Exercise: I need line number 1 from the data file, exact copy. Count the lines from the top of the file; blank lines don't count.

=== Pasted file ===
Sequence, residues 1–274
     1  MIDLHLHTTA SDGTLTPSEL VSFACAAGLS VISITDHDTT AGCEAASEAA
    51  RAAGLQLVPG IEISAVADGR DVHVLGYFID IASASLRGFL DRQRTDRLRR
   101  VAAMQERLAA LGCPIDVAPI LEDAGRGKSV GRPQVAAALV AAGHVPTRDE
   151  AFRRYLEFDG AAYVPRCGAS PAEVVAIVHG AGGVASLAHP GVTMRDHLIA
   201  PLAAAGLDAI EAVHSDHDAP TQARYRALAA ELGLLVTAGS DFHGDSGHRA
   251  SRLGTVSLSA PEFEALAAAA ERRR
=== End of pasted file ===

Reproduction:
Sequence, residues 1–274